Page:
It is difficult to say when the thought of such a project first arose. In 1984 my wife and I embarked on what we saw as the culturally required capstone Grand Tour of Europe. On this first adventure, I photographed a few carved sarcophagi, not really understanding what they were, to serve in a picture collection I use in my teaching. We found traveling so exciting, and yes, “broadening”, that I decided to go and go again and to focus future travels on wherever the Romans had their empire. Then, about 1992, while researching what I would see on a drive which would circle through the Mediterranean coast of Spain, Morocco, Algeria, Tunisia, up the Italian boot and back to France, I realized that the sculpting on sarcophagi provided access into the aesthetic sensibilities and religious beliefs of the peoples of the empire. Nevertheless, I suppose it was in 1995 during a Christmas in Paris, when I chose to spend afternoons in the Louvre Museum taking “tourist snapshots” of sarcophagi that I should mark out as the official beginning of my sarcophagus search.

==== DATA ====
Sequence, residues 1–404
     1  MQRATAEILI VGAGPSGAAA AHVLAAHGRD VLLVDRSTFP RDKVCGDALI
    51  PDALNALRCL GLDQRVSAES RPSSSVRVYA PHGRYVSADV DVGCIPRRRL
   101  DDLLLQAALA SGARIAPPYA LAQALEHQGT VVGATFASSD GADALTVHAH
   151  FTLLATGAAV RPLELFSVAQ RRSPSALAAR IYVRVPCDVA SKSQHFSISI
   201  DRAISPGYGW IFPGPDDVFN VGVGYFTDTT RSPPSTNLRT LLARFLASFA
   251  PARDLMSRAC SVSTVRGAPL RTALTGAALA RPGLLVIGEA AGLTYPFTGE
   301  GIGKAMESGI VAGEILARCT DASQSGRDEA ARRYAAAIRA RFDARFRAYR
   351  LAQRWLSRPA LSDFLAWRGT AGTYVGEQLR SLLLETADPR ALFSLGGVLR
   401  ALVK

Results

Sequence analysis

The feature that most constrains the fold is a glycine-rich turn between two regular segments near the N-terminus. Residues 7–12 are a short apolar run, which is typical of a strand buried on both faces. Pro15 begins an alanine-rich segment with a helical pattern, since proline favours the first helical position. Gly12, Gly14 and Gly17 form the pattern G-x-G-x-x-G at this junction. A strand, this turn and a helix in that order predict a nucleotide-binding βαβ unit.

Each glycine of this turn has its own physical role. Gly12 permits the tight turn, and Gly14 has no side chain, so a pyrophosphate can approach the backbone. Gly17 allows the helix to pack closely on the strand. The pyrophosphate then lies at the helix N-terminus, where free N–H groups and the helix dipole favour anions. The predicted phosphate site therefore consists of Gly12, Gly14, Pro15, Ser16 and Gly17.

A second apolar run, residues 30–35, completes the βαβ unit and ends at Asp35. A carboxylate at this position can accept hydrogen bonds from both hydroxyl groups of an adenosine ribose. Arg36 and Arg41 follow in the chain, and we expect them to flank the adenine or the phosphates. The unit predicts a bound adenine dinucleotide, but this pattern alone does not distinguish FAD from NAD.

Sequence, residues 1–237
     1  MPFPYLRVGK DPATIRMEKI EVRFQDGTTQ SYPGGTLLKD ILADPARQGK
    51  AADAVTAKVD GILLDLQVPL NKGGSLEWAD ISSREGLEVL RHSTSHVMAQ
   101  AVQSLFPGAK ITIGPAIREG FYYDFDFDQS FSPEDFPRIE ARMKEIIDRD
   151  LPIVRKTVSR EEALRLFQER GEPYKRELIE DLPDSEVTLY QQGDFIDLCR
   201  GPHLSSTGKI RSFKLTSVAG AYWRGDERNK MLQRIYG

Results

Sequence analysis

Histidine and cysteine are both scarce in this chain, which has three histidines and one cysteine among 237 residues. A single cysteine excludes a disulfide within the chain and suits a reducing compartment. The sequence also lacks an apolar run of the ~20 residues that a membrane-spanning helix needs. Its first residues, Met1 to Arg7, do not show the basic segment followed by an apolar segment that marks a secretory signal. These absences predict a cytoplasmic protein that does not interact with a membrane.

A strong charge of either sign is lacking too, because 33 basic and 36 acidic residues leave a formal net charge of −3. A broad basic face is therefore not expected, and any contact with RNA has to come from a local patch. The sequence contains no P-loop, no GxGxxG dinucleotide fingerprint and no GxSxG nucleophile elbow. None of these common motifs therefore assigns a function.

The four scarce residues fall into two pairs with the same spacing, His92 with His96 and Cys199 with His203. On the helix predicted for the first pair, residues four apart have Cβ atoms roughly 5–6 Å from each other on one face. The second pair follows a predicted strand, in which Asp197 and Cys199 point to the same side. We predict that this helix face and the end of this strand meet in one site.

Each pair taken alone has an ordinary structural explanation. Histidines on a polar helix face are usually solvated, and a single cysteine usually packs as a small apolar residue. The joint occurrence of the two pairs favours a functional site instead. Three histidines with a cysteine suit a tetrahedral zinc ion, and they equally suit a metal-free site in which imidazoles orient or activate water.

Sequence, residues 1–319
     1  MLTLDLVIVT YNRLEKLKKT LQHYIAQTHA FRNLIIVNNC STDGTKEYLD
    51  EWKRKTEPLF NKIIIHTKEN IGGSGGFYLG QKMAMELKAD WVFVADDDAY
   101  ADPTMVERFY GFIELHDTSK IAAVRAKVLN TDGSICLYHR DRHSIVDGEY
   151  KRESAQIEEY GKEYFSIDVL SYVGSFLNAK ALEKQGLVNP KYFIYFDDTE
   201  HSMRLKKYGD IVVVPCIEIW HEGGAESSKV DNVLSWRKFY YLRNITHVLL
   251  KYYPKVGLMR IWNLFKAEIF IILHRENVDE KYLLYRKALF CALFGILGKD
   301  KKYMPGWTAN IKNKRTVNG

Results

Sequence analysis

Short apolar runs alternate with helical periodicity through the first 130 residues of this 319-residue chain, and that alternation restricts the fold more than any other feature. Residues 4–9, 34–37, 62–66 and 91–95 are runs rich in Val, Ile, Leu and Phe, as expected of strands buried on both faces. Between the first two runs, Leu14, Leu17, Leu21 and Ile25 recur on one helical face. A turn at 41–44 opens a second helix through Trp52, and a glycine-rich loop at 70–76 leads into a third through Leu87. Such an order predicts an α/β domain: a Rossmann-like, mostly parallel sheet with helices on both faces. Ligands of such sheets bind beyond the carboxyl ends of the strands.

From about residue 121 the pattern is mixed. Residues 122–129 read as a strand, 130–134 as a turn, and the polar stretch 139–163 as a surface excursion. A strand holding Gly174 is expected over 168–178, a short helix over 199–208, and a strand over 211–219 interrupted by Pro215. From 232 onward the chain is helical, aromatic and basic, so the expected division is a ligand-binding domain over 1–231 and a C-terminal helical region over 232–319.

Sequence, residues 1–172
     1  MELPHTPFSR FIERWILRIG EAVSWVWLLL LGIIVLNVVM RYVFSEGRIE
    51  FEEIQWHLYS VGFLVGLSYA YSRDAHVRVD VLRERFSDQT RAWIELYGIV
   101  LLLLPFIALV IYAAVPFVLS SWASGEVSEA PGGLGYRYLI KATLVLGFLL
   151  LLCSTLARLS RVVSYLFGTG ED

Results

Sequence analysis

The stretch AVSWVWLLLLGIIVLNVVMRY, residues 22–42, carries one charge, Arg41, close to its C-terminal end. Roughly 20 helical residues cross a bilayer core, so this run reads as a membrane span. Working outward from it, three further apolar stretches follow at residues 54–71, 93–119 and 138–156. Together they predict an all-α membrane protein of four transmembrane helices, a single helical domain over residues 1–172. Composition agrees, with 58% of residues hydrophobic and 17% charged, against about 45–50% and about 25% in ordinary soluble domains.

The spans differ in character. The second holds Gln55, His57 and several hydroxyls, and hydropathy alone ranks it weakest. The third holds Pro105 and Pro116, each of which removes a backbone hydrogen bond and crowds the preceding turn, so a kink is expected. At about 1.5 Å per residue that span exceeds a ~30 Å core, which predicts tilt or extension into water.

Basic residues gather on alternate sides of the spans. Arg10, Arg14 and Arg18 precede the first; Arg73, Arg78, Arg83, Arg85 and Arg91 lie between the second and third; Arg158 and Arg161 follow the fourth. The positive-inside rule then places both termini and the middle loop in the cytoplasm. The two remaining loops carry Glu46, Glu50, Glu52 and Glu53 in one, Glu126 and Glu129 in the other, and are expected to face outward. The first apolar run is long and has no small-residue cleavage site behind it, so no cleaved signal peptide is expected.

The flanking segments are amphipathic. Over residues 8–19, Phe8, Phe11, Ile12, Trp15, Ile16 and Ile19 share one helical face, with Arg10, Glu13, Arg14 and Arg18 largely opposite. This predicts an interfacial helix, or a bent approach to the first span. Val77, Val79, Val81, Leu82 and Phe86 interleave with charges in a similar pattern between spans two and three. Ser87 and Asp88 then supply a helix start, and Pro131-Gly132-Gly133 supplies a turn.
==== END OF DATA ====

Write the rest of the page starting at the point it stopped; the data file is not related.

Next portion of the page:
On the model of “outsider art”, I should call my research “outsider scholarship”. I am not trained in archeology, nor a specialist in the art of the Roman Empire. Yet the love of travel, and my interest in popular culture, especially how abstract, academic philosophy is transformed by the man/woman on the street, kept me on the track of sarcophagi with their billboard presentation of the deceased’s cultic adherence or social perspective. I learned that Classical archeologist Carl Robert published the first attempt at a corpus of Roman sarcophagi, the Antike Sarkophagreliefs (1880-1919). I learned that in the early twentieth century, Classical Art historian Gerhardt Rodenwalt also was researching sarcophagi, and he was followed by Franz Cumont, Andre Grabar, Edmond-Frederic Le Blant, J.M.C. Toynbee, and Joseph Wilpert. I soon added a list of contemporary scholars that focused on a kind of sarcophagus such as “life sarcophagi”, “mythological sarcophagi, or “bust sarcophagi”. There is Princeton University’s Micheal Koortbojian with Myth, Meaning, and Metaphor on Roman Sarcophagi; Jas Elsner’s Rome and Christian Triumph; Nancy and Andrew Ramage’s Roman Art; Diana E.E. Kleiner’s Roman Sculpture; and, Richard Brilliant, Visual Narratives. One of the finest books I came across was by Paul Zanker and Bjorn C. Ewald, Living With Myths: The Imagery on Roman Sarcophagi (published in German in 2004, translated in 2012). But in many of these excellent books the discussion of sarcophagi is often limited to a sub-section, or chapter or two, and none had the entire corpus of existing sarcophagi or friezes.